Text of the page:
This has nothing to do with Kenya, but I think back on my crooked, heavy-handed writing on the blackboard in Grade 9, and I am blown away by this. (Someone once told me that the key to writing on a blackboard is originating your strokes from the shoulder.)
Hunter S., via Flavorwire.
This has nothing to do with Kenya either, except for the fact that I enjoyed reading it while lying in bed in Nairobi. I can’t say I’ve read much Hunter S. Thompson until now — the most I really knew about him for sure was that he looked pretty great in a swimsuit. I found the article here, which is an interesting collection, although I don’t think I would go as far as “best ever”.
And then there’s this. I think I am constantly operating in what they describe as a state of ego depletion – my default choice in any situation is whichever route will keep my options open. Fascinating article, although what I really took away from it is I should eat whenever I have to make a decision. Fine by me.
You wanted to hear more about Nairobi? Here’s what I can tell you: I took a bath so hot my skin was pink, the Internet’s fast enough to download This American Life, I get goosebumps if I go outside in short sleeves, and Dr. House is making witty wisecracks on cable TV. This is not an Africa I have experienced before.
Muindi Mbingu Street. Part of my morning commute, starting Monday.
I also can’t wait to go to this, which Dustin kindly told us about. Blankets and Wine? They’re appealing to the Montrealer in me.
Until that magical musical afternoon in September, we’ll have to settle for Thursday night karaoke in Westlands. Alex, Paige and I were just looking for a nightcap, and completely accidentally had a fantastic evening at the Santa Fe, complete with Bon Jovi and Coolio… but unfortunately no Journey. It was another side of Kenya I wasn’t expecting — a side where they ply you with free liquor to participate in karaoke night. Clearly I haven’t spent enough time in Africa’s big cities.
Our first nyamachoma.
We had our first nyama choma yesterday and I cannot say enough good things about it. A lot of people think of it as one of the few truly Kenyan dishes, as a lot of the fare here is common to the rest of East Africa, or is borrowed from India… and in the city, pizza, fried chicken and burgers also abound. Nyama choma is basically bbq’ed meat, almost always goat, cut into bite-sized pieces — greasy and a little salty and served with lots of toothpicks for afterwards. I’m doing a really bad job of selling it here, but it completely hit the spot. We had it with ugali (maize flour turned into a thick porridge, the white doughy-cakes you see on our plates) and a really delish tomato, red onion and cilantro salsa/salad. The best part? You eat it all with your hands, using the ugali as you’d use flatbread in the Middle East.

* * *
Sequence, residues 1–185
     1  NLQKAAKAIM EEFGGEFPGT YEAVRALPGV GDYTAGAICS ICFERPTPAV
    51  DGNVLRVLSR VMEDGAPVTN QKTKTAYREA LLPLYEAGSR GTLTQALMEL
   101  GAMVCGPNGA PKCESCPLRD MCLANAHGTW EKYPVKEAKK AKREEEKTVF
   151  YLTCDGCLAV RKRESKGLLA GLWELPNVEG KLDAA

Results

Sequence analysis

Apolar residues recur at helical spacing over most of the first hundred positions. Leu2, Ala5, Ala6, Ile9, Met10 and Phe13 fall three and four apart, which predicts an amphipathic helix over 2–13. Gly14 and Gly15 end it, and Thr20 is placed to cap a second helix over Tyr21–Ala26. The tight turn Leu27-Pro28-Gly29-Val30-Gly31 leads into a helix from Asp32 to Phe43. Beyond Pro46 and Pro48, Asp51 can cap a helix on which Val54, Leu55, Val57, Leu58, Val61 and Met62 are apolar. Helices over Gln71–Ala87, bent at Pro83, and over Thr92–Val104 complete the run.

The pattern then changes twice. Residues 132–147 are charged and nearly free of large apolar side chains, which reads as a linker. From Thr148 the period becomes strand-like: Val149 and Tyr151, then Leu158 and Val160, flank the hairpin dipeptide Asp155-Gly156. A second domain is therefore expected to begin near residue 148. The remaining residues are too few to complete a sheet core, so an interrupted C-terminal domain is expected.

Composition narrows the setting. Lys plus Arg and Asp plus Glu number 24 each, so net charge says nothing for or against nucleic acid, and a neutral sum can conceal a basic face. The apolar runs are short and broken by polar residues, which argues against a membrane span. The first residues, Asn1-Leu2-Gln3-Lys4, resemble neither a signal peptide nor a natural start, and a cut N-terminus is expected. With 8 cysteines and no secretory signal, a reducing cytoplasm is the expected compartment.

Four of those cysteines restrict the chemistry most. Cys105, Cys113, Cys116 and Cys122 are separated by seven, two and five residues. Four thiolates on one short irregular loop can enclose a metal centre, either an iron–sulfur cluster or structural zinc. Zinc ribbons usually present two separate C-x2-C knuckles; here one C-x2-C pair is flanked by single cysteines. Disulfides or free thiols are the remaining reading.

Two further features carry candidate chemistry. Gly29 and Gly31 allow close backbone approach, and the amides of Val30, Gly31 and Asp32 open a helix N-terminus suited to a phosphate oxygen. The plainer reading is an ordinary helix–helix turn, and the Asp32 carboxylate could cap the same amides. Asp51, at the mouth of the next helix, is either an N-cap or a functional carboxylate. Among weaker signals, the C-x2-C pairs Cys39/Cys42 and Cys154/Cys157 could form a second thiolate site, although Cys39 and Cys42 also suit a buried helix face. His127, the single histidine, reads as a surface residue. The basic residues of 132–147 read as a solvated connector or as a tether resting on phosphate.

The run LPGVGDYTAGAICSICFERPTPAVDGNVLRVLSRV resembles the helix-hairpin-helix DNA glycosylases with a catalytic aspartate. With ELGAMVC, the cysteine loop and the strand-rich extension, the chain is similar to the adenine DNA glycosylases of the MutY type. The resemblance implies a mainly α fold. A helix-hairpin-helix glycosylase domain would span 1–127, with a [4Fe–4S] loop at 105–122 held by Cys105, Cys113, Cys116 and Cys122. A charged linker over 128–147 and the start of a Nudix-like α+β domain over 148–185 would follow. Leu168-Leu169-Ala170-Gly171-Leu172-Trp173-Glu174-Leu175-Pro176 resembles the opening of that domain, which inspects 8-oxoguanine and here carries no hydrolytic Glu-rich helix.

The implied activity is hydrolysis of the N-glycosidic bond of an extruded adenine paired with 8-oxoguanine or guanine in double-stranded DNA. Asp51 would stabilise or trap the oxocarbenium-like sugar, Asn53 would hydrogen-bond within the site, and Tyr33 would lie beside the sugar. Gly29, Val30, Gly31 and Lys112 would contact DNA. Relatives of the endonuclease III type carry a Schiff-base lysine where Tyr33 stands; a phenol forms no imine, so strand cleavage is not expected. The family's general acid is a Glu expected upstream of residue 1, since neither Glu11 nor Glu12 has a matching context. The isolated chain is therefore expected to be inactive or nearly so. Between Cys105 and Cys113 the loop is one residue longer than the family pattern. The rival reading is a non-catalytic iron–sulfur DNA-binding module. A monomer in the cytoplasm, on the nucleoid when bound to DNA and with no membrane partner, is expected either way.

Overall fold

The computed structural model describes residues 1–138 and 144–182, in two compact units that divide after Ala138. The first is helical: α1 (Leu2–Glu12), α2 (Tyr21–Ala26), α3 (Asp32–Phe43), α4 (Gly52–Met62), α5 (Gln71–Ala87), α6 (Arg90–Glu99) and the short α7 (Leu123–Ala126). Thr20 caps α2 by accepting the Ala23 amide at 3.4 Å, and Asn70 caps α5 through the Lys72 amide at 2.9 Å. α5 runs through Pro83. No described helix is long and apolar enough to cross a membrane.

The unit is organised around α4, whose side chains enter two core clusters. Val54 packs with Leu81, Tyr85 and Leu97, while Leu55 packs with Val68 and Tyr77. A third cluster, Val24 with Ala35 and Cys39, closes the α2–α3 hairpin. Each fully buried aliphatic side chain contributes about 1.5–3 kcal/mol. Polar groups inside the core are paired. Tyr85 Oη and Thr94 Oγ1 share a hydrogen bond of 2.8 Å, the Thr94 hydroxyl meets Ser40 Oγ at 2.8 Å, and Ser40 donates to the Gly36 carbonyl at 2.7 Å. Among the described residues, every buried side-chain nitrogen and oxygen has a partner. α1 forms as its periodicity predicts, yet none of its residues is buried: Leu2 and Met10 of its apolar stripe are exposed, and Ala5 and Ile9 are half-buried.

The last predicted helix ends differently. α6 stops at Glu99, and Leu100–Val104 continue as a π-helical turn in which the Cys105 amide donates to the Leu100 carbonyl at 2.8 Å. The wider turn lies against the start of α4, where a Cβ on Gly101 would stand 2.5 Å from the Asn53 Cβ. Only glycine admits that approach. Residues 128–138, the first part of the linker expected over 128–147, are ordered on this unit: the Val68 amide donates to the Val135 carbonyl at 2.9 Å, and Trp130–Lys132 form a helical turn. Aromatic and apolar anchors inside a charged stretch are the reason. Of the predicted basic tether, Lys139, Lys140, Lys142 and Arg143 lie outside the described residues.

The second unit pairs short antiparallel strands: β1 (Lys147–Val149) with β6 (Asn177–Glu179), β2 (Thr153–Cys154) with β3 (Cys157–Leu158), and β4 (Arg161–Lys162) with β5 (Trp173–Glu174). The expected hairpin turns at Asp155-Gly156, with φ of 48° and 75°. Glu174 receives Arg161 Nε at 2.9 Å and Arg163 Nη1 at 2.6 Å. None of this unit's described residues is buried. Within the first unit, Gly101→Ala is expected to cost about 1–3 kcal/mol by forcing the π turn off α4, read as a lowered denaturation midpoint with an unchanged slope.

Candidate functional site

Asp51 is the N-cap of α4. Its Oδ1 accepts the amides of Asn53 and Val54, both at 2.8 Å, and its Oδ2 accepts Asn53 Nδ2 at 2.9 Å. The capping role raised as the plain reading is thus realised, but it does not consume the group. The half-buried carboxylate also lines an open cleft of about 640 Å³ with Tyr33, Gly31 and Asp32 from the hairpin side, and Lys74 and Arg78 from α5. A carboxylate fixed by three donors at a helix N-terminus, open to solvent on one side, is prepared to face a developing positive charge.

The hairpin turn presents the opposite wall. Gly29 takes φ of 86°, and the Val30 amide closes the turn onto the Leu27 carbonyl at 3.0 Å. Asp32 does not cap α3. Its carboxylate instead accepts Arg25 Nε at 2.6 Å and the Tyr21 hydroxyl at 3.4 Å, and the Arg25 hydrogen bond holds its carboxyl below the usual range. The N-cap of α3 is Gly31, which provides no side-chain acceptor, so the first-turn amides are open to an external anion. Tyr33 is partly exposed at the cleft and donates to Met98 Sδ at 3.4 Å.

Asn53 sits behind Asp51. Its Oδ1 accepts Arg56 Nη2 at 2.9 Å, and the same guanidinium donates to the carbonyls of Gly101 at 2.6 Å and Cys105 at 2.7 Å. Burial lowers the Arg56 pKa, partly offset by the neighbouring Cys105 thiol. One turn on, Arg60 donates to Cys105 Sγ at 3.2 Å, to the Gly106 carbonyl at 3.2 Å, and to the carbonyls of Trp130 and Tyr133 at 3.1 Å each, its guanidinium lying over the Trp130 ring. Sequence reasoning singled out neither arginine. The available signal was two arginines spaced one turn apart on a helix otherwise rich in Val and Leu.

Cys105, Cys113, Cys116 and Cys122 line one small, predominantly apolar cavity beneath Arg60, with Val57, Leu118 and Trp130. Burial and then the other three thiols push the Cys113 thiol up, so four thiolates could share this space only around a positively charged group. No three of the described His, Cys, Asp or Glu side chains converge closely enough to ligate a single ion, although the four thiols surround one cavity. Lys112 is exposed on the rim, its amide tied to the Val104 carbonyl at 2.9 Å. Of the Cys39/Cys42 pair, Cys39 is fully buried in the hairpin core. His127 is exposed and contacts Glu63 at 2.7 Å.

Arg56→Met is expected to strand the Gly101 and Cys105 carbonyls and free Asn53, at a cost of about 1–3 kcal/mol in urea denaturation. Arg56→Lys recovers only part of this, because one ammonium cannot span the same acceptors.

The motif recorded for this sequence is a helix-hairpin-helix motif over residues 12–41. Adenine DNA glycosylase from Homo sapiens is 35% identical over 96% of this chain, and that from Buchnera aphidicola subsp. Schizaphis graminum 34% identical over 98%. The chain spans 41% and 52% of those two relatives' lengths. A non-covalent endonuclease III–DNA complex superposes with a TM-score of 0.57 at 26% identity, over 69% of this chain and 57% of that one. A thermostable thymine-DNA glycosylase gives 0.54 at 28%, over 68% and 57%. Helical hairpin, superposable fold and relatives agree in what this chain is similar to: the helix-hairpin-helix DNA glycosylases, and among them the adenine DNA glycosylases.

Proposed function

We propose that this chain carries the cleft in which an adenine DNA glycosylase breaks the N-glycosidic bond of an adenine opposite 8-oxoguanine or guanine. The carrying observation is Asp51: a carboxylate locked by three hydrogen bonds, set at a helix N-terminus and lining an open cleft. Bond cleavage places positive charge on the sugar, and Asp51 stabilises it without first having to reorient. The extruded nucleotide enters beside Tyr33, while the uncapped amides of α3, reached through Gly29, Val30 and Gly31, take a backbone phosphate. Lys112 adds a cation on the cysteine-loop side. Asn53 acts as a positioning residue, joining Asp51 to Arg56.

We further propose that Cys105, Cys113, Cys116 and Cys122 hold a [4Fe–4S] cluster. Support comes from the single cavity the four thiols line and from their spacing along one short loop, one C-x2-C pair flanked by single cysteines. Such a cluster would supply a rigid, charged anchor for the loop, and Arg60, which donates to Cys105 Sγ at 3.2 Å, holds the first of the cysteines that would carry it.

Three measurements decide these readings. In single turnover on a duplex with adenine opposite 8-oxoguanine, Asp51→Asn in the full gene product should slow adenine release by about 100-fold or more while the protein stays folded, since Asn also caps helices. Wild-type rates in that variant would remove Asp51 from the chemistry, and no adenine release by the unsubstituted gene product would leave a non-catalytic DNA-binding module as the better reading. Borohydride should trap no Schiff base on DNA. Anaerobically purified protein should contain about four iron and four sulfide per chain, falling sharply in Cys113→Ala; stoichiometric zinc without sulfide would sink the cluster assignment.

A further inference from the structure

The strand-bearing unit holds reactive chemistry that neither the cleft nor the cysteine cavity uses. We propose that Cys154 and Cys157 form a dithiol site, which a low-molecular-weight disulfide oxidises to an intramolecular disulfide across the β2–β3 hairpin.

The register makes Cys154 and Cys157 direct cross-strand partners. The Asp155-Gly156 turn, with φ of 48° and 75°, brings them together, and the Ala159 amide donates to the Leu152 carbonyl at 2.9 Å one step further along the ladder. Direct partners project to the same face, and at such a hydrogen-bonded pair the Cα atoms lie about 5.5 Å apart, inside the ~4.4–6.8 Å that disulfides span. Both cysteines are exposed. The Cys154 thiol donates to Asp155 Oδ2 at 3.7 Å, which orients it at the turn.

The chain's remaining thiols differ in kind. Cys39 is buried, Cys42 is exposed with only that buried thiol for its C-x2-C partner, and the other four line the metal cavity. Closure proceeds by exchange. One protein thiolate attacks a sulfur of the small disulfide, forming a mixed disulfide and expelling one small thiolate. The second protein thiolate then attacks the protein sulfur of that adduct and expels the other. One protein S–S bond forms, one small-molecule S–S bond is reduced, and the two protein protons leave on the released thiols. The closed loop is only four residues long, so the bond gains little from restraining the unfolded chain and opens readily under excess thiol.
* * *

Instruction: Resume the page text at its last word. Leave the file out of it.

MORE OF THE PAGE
NOT our first Tuskers.
And of course, the meal wasn’t complete without a few cold Tuskers. (The “cold” part of the equation is important because room-temperature beer is an option here. Whenever you order a beer, the server asks “warm or cold?”) Fun fact: Tusker is named after the elephant that killed one of the company’s founders. It’s the most popular local brew from what I can tell, and it’s about a buck-fifty for a 500 ml bottle in a restaurant. I could get used to this.
We were lucky enough to share it all with Tony, a Kenyan friend of Dustin. He took us on a drive around the city, to meet his warm and welcoming mother and drink perhaps the best tea of my life. A little ginger goes a long way, apparently.
Today — Saturday — is the first sunny day so the plan is to get off the computer and out into the sunshine… at least to stock up on more bananas and mangoes, as I’m running low. Here’s hoping it will reset my body clock so I stop sleeping until noon, and that it’s warming the air enough that I can wear a t-shirt outdoors without shivering.